By 1959, Paul Newman's career was moving into high gear, with CAT ON A HOT TIN ROOF, THE LONG, HOT SUMMER, and SOMEBODY UP THERE LIKES ME all critical and commercial successes. Even his harshest critics grudgingly admitted he was far more than just a "Brando look-alike" (as he had been labeled in his first films), but his contract to Warner Bros. forced him to also appear in potboilers (THE HELEN MORGAN STORY), and misguided comedies (RALLY 'ROUND THE FLAG, BOYS!), and Newman was chafing at the bit to be able to pick and choose his own projects.
Vincent Sherman's THE YOUNG PHILADELPHIANS, the last film under Newman's WB contract, proved to be one of the best, and he showed the dazzling sexuality and near-arrogant confidence that would mark many of his films of the next decade. As Anthony Judson Lawrence, illegitimate son of Brian Keith (performed with a brogue and a wink, as Keith was, actually, less than 4 years older than Newman), and social climbing mother Diane Brewster, he carried the name of an 'upper crust' father (Adam West, as wooden as he would be in "Batman"), whose homosexuality had been carefully hidden and whose inability to 'perform' and suicidal death on his wedding night would result in a 'deal' between mother and in-laws; the boy could keep the name, but would not have access to the family fortune.
Flashing ahead a few years, Lawrence is a strapping, 'blue collar' kind of guy, much to the chagrin of his mother, who hopes that his name will gain him inroads into Philadelphia 'society'. Working construction with his (yet unknown to him) birth father, between semesters at law school, he meets pretty socialite Joan Dickinson (Barbara Rush), who quickly falls for his sweaty, sexy charm. Lawrence's best friend, to his mother's relief, is alcoholic fellow student 'Chet' Gwynn (Robert Vaughn, in an Oscar-nominated role), heir of another elite family, who sees in Lawrence a personal courage he lacks. Vaughn's performance is a film highlight, quite similar to Lew Ayres' role in HOLIDAY, twenty years earlier, through the early part of the film.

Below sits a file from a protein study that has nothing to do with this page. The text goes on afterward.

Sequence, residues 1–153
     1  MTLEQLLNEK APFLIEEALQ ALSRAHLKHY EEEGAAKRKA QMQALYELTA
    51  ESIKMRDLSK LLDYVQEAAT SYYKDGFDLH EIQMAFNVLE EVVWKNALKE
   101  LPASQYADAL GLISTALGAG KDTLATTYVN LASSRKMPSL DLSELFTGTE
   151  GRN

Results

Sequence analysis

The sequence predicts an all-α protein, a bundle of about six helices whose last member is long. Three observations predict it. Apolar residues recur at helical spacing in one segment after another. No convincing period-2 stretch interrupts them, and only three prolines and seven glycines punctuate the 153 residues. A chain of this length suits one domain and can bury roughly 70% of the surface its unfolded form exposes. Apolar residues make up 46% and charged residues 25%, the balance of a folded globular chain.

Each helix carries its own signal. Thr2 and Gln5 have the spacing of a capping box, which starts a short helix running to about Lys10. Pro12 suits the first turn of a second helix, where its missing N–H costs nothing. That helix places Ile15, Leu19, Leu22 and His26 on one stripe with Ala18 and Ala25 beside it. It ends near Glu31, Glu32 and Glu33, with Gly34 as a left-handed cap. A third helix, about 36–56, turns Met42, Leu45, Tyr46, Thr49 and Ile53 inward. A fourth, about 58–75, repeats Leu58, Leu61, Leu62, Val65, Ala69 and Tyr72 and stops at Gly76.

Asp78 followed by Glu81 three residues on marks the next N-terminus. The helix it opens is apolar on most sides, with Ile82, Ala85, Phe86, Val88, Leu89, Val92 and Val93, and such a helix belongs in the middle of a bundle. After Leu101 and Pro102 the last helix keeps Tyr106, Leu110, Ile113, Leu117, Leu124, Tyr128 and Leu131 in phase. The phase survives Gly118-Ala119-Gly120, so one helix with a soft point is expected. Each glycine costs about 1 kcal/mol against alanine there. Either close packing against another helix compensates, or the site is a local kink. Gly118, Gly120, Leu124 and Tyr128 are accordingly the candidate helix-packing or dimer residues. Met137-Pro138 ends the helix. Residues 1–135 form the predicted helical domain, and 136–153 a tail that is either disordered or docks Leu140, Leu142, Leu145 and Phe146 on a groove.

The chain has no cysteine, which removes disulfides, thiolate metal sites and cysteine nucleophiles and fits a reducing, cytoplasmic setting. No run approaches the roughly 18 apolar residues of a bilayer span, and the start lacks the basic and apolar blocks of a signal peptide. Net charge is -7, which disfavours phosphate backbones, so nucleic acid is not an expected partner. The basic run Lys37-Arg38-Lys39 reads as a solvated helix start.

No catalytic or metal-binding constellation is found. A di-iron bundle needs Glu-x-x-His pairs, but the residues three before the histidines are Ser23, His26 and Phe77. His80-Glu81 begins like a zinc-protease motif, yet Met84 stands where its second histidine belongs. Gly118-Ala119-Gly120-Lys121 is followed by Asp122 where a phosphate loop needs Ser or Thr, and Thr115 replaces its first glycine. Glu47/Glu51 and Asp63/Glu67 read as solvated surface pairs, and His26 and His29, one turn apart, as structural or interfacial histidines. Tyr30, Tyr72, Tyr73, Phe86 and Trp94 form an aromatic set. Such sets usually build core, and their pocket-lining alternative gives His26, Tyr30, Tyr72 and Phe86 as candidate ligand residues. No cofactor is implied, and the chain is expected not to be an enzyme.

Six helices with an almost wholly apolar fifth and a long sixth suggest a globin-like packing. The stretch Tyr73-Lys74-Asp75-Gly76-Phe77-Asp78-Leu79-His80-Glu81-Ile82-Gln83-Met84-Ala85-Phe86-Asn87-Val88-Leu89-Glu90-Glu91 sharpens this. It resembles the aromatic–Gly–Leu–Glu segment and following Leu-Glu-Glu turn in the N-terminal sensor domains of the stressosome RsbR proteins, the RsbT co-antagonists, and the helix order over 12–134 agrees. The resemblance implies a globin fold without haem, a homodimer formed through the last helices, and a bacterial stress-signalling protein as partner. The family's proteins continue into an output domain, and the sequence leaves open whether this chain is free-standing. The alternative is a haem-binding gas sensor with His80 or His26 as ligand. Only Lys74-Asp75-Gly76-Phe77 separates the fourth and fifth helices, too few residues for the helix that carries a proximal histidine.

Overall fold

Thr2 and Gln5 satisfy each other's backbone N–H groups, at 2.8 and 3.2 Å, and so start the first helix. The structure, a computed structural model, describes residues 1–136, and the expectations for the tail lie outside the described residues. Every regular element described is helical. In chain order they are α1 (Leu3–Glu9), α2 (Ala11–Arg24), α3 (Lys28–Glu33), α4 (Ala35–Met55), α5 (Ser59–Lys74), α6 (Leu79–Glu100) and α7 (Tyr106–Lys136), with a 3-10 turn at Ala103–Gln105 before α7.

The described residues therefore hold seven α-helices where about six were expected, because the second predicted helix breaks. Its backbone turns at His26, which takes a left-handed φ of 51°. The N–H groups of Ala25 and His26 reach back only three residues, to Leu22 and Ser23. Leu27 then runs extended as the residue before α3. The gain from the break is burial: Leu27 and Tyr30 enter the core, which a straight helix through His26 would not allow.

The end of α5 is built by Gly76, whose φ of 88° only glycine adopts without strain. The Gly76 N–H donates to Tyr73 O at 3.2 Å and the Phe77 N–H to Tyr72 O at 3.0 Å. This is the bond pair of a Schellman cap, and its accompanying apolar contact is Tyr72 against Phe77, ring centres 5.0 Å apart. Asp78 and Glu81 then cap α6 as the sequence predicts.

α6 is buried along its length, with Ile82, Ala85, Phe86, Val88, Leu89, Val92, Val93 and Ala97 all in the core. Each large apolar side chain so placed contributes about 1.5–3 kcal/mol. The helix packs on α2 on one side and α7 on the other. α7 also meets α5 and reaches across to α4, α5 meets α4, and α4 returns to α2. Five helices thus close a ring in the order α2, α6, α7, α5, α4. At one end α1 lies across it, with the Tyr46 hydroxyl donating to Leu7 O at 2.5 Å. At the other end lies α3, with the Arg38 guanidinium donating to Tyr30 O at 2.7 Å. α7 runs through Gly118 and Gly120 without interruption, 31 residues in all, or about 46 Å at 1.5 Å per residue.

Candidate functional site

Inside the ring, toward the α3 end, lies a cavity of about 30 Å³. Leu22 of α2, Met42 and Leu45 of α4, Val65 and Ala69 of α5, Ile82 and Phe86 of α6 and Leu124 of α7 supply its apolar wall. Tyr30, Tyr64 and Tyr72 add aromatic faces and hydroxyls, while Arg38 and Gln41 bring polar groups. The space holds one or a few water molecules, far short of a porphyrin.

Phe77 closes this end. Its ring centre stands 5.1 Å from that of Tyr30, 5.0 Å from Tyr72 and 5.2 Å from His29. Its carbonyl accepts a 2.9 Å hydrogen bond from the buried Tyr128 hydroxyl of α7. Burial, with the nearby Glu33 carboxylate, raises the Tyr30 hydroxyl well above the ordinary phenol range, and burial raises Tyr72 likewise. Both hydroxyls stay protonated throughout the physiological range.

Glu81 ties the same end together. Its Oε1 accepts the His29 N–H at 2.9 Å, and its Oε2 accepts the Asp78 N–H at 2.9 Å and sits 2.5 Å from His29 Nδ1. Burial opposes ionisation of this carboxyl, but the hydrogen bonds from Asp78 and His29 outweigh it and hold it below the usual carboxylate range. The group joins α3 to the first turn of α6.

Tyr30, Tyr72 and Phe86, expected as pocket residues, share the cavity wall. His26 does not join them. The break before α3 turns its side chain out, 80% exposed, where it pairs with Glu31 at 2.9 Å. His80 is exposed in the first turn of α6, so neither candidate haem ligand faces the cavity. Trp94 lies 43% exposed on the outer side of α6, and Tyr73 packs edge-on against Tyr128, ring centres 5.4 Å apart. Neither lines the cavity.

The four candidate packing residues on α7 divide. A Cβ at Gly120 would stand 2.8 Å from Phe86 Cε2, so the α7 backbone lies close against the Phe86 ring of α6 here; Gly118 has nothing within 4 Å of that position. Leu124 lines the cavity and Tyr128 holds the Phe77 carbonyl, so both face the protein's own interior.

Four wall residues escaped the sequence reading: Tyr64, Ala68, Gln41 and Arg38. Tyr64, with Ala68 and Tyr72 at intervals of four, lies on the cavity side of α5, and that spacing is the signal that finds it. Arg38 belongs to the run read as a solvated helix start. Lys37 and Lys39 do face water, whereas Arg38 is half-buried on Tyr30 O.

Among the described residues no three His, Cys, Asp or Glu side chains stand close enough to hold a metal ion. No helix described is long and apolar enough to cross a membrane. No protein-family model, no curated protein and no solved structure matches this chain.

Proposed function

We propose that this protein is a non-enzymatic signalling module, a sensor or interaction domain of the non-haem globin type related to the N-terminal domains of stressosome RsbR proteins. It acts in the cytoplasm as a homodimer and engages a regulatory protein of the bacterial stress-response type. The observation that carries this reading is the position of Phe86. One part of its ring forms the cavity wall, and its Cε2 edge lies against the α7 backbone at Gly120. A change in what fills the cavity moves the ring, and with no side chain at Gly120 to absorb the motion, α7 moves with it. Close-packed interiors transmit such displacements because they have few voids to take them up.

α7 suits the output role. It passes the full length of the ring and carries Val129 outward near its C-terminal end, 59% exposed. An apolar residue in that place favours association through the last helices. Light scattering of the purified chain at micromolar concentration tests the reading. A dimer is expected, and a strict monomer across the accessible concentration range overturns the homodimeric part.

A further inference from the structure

Young Lawrence is fighting his mother's battle for acceptance, and, in the first of several 'upwardly mobile' decisions, he postpones a quick marriage to Joan, in return for help in his law career. While he is convinced the delay would help the two of them, it costs him her love. Bitterly, he decides to 'play the game', using whatever means necessary to get ahead. With a brief interruption by the Korean War, his career flourishes, aided by a willingness to use 'inside' information to obtain a choice clerking appointment, while toying with a near-affair with the 'younger' wife of the aged lawyer he is studying with (Alexis Smith, gloriously beautiful at 38). When he achieves a spot in a prestigious law firm, he 'woos' a major client (Billie Burke) over to him. With unscrupulous ease, he reaches a pinnacle his mother had only dreamed of.
But Lawrence's world is about to come crashing down, as Gwynn, his college friend, crippled in Korea, has been arrested for murder, and begs the lawyer to represent him. The trial promises to expose the seamy underbelly of Philadelphia society, revealing secrets that could destroy many lives, including his own.
Lawrence faces a moral dilemma, whether to save his friend, or preserve the fiction of his own life...
Entertaining and at times powerful, THE YOUNG PHILADELPHIANS is a fitting conclusion to the early stage of Paul Newman's career; ahead was EXODUS, and a decade of roles that would cement his position as a superstar!
42 out of 47 found this helpful